After a few days in Roscoff we decided that it was time to leave the little sweet town behind and continue south. This time the helm was pointing at Concarneau on the south side of Bretagne, but we also planned a few stops on the way.
Log date: 11 sep. 2020
Route: Roscoff – Concarneua
Time: 2020-09-09 09.50 – 2020-09-11 20.31 ( 29h 45 min at sea )
Distance: 133 nm
Average speed: 4,4 knots
Wind: 10 knots
Weather: [ ] Rain, [ ] Fog, [X] Sunshine, [ ] Cloudy
Temperature: 20 °C
However the first part of the journey was planned to go through a narrow and not so deep channel just outside of Roscoff. By using the channel we saved about 2 hours but it was scary since out draft is 1.8 meters and the chart said everything except that.
Thanks to the tide it was slightly higher than stated so everything went just fine, we had almost no current passing through and this time that was something good. 8 knots of current wouldn’t have been a good thing this time, it was scary close to both dry land and stones as it was.
We aimed for Concarneau, even if we didn’t know that at the time of departure. The only thing we knew was that we really badly would like to get to the other side of that peninsula Bretagne we’ve been aiming at for so long.
At first we planned to cross the bay of Biscay at this time but with the current weather we would have to more or less motor across the entire bay and that wasn’t really what we had in mind so we slowed down a bit (quite a lot actually) and decided it was time to put our anchor at test, the first night was spent just next to Port de l’Aberwrac’h in a narrow channel. The anchoring area was super protected but narrow, the channel was less than 150m wide and with tide that’s not a lot.
Our beloved 15kg Rocna set perfectly in the channel and even with almost full reverse on the engine we didn’t move a bit. Now the only thing left was to cross fingers for when the tide would turn the boat 180° in the middle of the night. It sure did. The green parts of the chart is land when chart datum (super lowest low) occur but since that only happens every 18,6 years we felt pretty safe.
After a good nights sleep, well maybe not so good the first time on the hook is always a bit scary. But nevertheless the evil alarm went off before sunrise so that we could head out with the sunrise and tide. It’s easy to tell that the autumn is getting closer, it was both cold and a bit foggy in the morning when we slowly headed out to the ocean again.
The second day was similar to the first one, no wind or very little wind from the wrong direction. Yes, yes I know a real sailor doesn’t ask for downwind he learns how to sail. But I promise, it doesn’t really matter what direction the wind comes from when the gusts are between 4 and 5 knots. The iron genua got hoisted also today.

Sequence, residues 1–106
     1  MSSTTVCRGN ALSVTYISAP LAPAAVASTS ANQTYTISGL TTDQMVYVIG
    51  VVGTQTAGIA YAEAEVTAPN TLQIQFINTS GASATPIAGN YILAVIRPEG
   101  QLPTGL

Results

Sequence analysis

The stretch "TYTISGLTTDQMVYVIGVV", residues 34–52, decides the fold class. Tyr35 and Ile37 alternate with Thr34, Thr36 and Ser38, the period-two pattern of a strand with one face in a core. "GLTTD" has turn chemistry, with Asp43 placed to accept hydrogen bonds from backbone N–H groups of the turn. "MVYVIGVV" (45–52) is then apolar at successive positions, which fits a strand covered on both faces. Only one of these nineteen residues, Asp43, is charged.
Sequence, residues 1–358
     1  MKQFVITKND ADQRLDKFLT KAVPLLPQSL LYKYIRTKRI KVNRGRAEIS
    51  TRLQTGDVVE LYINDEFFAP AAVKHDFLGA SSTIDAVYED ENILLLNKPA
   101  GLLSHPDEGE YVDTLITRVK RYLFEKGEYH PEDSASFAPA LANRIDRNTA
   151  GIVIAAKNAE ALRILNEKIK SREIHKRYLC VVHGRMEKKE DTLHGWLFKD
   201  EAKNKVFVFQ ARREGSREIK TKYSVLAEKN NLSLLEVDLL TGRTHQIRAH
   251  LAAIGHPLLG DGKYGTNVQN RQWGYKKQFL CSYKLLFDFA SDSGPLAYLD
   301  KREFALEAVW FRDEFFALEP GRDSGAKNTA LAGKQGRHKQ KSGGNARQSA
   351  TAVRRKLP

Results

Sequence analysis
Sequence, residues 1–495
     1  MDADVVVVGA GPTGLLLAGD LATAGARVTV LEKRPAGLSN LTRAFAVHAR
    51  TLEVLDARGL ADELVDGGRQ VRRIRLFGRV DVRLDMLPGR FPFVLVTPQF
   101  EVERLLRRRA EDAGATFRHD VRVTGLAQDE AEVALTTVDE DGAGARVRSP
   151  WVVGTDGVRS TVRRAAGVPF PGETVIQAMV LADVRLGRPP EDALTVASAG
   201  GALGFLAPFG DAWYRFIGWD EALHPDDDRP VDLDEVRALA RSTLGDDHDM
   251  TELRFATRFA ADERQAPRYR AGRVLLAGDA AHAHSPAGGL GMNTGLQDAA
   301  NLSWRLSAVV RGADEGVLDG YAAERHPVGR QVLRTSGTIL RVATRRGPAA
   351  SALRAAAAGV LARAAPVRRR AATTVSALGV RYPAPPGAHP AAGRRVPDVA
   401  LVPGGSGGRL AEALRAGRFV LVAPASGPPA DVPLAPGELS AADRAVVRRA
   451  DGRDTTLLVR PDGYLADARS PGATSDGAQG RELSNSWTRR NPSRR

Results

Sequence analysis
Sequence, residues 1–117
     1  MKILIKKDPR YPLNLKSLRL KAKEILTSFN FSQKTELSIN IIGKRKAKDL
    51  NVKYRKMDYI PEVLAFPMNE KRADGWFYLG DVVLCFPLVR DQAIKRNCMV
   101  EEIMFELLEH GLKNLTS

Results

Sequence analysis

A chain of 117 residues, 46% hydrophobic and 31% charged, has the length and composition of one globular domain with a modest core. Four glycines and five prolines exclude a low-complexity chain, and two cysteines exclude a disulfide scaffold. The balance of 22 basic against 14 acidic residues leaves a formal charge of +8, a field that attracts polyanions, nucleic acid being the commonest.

The good thing was that the day could be spent on other things than clinging to a heeling boat. With proper connection some trades could be done to keep the growth rate of the portfolio that sustain the trip.
According to the pilot books and the mighty Internet the narrow passage marked in blue on the chart could be a bit messy depending on the tide and weather but with almost no wind and good timing we swooped through it with the tide doing well above 7 knots (8.3). I’m very very happy that we did the planning the day before so that we could pass at the right time since our engine wouldn’t have been able to go against the current.
At the end of the day we ended up just next to a huge cliff at Anse De Saint-Nicolas and once again we dropped anchor, this time the swell was very noticeable, so to be on the safe side we used 40 meters of chain also today the anchor bit like glue in the sandy bottom.
The night was a bit bumpy or more accurate rocking due to the Atlantic swell that found its way around the corner of the peninsula where we were hiding for the night. But just as the day before, the anchor did what it was supposed to we didn’t move a cm. Well we moved quite a lot of cm’s but never farther away than the chain allowed.
After a good night sleep it was time to keep moving south.
When we broke the mooring we did it with the rising sun, it’s always nice and relaxed to head out when the water is calm especially today since we were about to cross Raz de Sein on our way to Concarneau.
For you who are a bit observant and know your chars it’s easy to notice the small angry waves that surrounds both the lighthouses. Something that is really interesting with this area is that there are a few different currents hitting the area at the same time if you are unlucky and if you are really unlucky then you reach the area when they are going in different directions. Today wasn’t a day like that, we arrived a day before neap and with almost no wind at all and that is pretty much as good as it gets. For sure we had quite some current with us but nothing that we couldn’t handle with one hand on the helm and a coffee in the other (figuratively speaking), we had coffee right after. 🙂
A few hours later we finally got some wind and could hoist our sails, it’s always super nice to kill the engine and just listen to the boat and the waves. At one point we were beating the wind and enjoying 6 knots of speed when something big caught up with us. The green guy did 21,9 knots. Slightly demotivating but still super cool to see.
When we finally reached Concarneau we found one (1) free spot in the entire marina to moor our boat, sometimes it’s good with smaller vessels. And since it means bad luck to break a tradition we felt strong-armed to find a nice place to eat. This time a small restaurant quite close to the marina. Fish, red wine and some cheese. We totally deserved that.. 🙂